The End of History

Reviewed by Bill Sheehan
Sunday, June 3, 2007


A Novel

By John Crowley

Small Beer. 341 pp. $24

John Crowley's Endless Things is the fourth and last installment in a vast, intricate series of novels collectively entitled "Aegypt." The series (which is really one long novel) began in 1987 with the publication of Aegypt (soon to be reissued as The Solitudes) and was followed by Love & Sleep (1994) and Daemonomania (2000). It was clear from the start that Crowley was on to something special, and the appearance of this final volume confirms that impression. In its entirety, "Aegypt" stands as one of the most distinctive accomplishments of recent decades. It is a work of great erudition and deep humanity that is as beautifully composed as any novel in my experience.

Endless Things concludes the story of Pierce Moffitt, a teacher and historian who leaves his painfully disordered city life for the pastoral solitude of the Faraway Hills. There, surrounded by friends, lovers and assorted castoffs from the '60s, Pierce embarks on a new, though no less complicated, life and begins writing a book based on a radical new theory of history. This theory posits that, at infrequent intervals, the nature of the world changes in fundamental ways. As one age ends, the world moves through a kind of passage time, settling finally into a new age dominated by new and different laws, laws that unfold retroactively into the past. Thus, a world that is -- and always has been -- governed by physics might give way to a world that is -- and always has been -- governed by magic. There is, Crowley tells us, "more than one history of the world."

This view of history receives some unexpected support when Pierce encounters an unfinished manuscript by the late historical novelist Ffellowes Kraft. Kraft's novel describes an alternate 16th century on the brink of its own passage time. At the center of the tale are a pair of actual historical figures: John Dee, the Elizabethan scholar/alchemist who spent much of his life attempting to communicate with angels, and Giordano Bruno, the Dominican monk who first conceived the idea of an infinite universe and whose "heresies" led to his death at the stake in 1600. Dee, Bruno and Pierce have one thing in common: They are all seekers after Meaning, and their intertwined stories reflect and illuminate each other in countless large and small ways.

By the time Endless Things begins, many of the narrative's central events have already occurred in earlier volumes. Dee, deserted by his angels, has settled into an old age marked by poverty and neglect. Bruno, after reaching the zenith of his notoriety, has fallen into the hands of the Inquisition. And Pierce, laboring away on a book he can never finish, has barely survived a lacerating love affair and has played a crucial role in rescuing a very important young girl from a predatory religious cult. In some respects, Endless Things becomes an extended aftermath, a valedictory that encompasses the end of one age and the beginning of the next. In the process, it offers a fresh, sometimes revisionist perspective on all that has gone before, brings back a gallery of familiar characters and adds a few new ones to the mix.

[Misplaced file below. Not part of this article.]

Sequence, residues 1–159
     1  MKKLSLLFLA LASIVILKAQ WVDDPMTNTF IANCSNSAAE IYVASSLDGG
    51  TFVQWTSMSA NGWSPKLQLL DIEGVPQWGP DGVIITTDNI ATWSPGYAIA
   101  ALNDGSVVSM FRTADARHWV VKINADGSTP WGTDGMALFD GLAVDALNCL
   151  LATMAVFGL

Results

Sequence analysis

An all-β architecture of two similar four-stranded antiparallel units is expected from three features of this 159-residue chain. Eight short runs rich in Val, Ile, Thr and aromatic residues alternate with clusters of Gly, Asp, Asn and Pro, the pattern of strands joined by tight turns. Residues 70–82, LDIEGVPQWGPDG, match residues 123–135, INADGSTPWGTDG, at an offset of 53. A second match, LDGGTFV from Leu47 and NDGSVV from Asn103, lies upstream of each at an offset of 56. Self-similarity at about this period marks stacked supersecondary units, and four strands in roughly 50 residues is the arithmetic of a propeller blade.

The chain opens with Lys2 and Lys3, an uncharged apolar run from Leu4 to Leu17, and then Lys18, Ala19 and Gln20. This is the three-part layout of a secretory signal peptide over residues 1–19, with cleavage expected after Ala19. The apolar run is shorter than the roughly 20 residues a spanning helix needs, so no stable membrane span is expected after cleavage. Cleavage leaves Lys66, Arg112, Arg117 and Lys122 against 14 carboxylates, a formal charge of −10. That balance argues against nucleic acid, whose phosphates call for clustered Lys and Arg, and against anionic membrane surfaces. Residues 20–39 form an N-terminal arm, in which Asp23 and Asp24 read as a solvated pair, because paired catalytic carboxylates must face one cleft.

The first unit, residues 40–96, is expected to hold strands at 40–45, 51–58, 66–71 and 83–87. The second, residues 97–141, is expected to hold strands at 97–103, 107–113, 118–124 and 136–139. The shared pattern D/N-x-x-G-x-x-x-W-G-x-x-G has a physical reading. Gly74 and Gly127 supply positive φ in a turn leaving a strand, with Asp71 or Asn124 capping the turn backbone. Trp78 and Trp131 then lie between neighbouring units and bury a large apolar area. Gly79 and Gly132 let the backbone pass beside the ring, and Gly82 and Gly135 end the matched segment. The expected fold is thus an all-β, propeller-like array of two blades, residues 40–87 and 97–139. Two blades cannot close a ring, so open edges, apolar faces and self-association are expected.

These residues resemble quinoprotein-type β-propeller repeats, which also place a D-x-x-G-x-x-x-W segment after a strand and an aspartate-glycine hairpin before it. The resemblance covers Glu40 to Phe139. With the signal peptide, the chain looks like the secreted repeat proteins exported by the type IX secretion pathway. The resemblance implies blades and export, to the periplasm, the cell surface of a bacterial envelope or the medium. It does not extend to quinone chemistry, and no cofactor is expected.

Familiar faces from earlier volumes include Brent Spofford, Vietnam vet turned shepherd; Rosie Rasmussen, Pierce's friend and occasional employer; Sam, Rosie's epileptic daughter; and Axel Moffitt, Pierce's wonderfully eccentric father. Also making a final, enigmatic appearance is one of my favorite characters, Frank Walker Barr, professor of history and author of "Time's Body," a book that doesn't exist in the world outside the novel, but should. Of the new characters, the most significant is Roo Corvino, a feisty female car dealer who provides Pierce with a gateway to the larger world -- the larger life -- that has always eluded him.

The search for a larger, more expansive way of living stands at the heart of this complex collection of nested narratives. John Dee dedicates his life to the search for angelic presences and magical transformations, while Bruno chooses to burn rather than accept the tiny, imprisoning universe of religious and scientific orthodoxy. Prison cells, real and symbolic, appear throughout the novel. Bruno spends the years before his death in one such cell. Pierce, adrift and imprisoned in another age, makes a pilgrimage to that same cell. For these men, the theory of cyclical historical change that Pierce uncovers becomes, in the end, a source of solace and hope, for if the universe is capable of endless change, then so are we.

In Endless Things, Crowley finally allows his long-suffering characters to leave their respective prisons and enter the "limitless common day" that awaits them. Following their slow, uncertain progress through the course of four large volumes has been a deep -- and inexhaustible -- pleasure.

Bill Sheehan is the author of "At the Foot of the Story Tree" and co-editor of the recent anthology "Lords of the Razor."

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